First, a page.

Ken rode it on occasions, but with no major success and just before his eventual death it was sold on to Velo club member John Davies with a broken crankcase.
The first photo is of the cylinder head and piston sent to Veloce Ltd., with the first letter illustrated.
The second letter ( 2 pages ) is a reply from Bertie Goodman as is the third letter ( also 2 pages)
The second photograph is taken at Bathurst NSW, Easter 1964 races, myself to the left and Keith Smith to the right behind his now drastically modified Venom Clubman.
The last photo shows Keith at Oran Park circuit in 1966, shortly before his death.
Thursday, December 18, 2008
A small hardy band left Australia, by ship as air travel was out of the question cost wise then, usually around late April to arrive into the UK, at Southampton or Tilbury docks in time to look for a cheap van, meet up with other Aussies who had stayed over the UK winter and worked, they sharing travel and accommodation costs.
Often, having worked in up to three jobs over the Australian summer saving hard, they went to AJS, Norton and earlier Velocette to purchase a new production racer…Manx, 7R,G45, G50, KTT.
The IOM TT was high on their list and three riders were selected to represent Australia and given a small support by the ACCA, the ACU of GB equivalent, such as a free entry into the TT races etc.
Riders such as Stuart Williams, Dave Brewster, Cec Weatherby prewar… Eric McPherson, the Hinton family- father Harry (Senior), sons Harry (Junior), Eric and later younger son Robert , Keith Bryan, Sid Willis, Alan Burt, Bob Brown then later on Jack Ahearn, Dennis Fry, Kel Carruthers and so on made the trip, often over several years.
The ultimate aim…to get a factory riding contract for Norton, AJS etc was only achieved by a few…
Keith Campbell and Keith Bryan-Moto Guzzi.
Harry Hinton- Norton
Tom Phillis and Bob Brown –Honda
To name some, a by no means complete list….
So for those interested in the racing history of Velocette and as I've expanded it a little to cover other riders and machine brands, a perhaps new source of material for your own use or for publication in the future… please acknowledge the source should you capture an image and feel free to do so.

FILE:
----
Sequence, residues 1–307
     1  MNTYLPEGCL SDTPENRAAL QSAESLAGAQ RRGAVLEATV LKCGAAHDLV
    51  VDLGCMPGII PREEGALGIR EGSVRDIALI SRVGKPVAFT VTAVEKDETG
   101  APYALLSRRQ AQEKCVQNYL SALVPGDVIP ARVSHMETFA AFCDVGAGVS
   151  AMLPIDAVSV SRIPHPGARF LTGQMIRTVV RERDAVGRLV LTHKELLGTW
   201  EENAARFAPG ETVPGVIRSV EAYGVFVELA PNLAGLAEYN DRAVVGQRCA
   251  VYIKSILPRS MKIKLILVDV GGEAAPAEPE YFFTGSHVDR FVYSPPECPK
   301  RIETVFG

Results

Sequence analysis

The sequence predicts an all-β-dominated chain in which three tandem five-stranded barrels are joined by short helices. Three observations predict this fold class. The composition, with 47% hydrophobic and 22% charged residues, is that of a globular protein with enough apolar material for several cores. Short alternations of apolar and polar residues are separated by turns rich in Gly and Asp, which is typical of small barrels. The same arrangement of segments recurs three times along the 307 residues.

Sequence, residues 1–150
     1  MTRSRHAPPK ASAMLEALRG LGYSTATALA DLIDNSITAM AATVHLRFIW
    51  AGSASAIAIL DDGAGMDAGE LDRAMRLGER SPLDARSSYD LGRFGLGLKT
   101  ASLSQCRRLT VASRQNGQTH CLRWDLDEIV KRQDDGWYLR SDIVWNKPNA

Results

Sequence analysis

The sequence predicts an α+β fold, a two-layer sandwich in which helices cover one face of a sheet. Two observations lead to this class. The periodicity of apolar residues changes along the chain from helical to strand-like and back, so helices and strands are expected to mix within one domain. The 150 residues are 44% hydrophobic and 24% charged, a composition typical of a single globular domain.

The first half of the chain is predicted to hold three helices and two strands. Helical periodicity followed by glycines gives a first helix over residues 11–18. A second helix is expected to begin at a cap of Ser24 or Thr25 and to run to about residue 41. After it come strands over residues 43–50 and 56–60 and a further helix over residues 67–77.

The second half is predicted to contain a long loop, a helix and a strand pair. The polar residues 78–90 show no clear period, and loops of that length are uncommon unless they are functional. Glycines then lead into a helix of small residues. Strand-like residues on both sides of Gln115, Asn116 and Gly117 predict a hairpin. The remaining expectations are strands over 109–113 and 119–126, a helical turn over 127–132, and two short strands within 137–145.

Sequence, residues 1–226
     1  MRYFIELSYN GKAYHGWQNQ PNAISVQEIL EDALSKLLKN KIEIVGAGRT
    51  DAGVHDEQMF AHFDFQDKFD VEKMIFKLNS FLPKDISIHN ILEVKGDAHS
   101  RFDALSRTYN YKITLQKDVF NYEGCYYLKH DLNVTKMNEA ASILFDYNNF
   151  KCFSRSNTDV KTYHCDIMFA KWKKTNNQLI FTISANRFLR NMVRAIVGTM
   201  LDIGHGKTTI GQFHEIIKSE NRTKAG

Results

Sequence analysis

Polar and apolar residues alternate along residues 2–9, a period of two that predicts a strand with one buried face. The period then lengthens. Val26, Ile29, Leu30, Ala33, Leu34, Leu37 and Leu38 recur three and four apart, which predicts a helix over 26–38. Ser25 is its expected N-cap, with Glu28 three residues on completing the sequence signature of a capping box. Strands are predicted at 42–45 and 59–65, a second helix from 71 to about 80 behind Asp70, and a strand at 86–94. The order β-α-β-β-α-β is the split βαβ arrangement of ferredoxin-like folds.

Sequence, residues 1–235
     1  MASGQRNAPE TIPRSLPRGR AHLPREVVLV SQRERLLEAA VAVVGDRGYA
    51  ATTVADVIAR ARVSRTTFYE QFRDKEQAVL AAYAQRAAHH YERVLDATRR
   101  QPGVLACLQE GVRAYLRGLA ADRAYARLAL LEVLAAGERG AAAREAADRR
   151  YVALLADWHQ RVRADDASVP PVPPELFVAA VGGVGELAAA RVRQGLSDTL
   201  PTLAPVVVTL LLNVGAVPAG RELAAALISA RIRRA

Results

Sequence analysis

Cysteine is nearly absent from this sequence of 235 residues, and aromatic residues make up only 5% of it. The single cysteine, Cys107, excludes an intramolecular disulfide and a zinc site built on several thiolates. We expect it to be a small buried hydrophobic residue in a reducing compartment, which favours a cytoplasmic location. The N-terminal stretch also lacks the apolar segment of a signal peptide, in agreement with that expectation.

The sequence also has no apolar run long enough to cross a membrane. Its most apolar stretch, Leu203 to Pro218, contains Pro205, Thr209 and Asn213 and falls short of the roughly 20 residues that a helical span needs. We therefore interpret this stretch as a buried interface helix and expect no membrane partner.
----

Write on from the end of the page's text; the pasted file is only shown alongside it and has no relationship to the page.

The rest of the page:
Friday, December 12, 2008
Unsure if they still do it for todays GP racers, but they were doing it some little time back, as there was a minimum weight for each of the racing classes.
1939 seems to be the last and perhaps only time the motorcycling press ran a page on it..."MotorCycling" did it and published it in their June 28 1939 edition, page 319.
From a Velocette point of view the weights of the Veloce Ltd factory machines, as ridden by Stanley Woods and Ted Mellors were heavier than the standard over the counter production racer KTTs.
I've included below pages from the TT program of that year with notations where I can identify them of whether the Velocettes were Mk.7 or Mk.8 KTT. The Mk.7 has a rigid frame and is lighter than the Mk.8 which has a swinging arm frame the same as the factory racers.
The engines in the works Velocettes had larger cylinder head fins and a bigger cylinder barrel.
The Mk.7 and 8 KTT had a 9" square head with the factory 10" square, so more aluminium.
Interestingly the factory racers often had an aluminium petrol tank but the gearbox final drive sprocket was solid steel and had no holes drilled in it.
Plenty to ponder there....
I've include a photo or two of relevant Velocettes both standard KTT and factory machines and a works BMW which was the lightest bike in the Senior race!
Acknowledgement is made to Morton's Motorcycle Media for the "Motorcycling" page, the authors of "Always in The Picture" ,the Late Bob Burgess and Jeff Clew for a photo and S.R.Keig and Fox Photos for other photos and the ACU of GB for the IOM TT program pages.
First photo is actually a 1937 works 500, but they were the same. Illustrated is Ted Mellors bike.
Second photo shows a mk.8 KTT, well a brace of them in the race shop in May 1939.
The third is a mk.7 KTT in the paddock in June 1938.
Final photo is reputedly Schorsh Meier's machine, but could be Jock Wests...pic taken by me at the German BMW dealers shop in Munchen, April 1974.
Left click on photos to enlarge.....
Sunday, December 7, 2008
Tuesday, December 2, 2008
The final photo shows Don Bain doing what he enjoyed when not riding....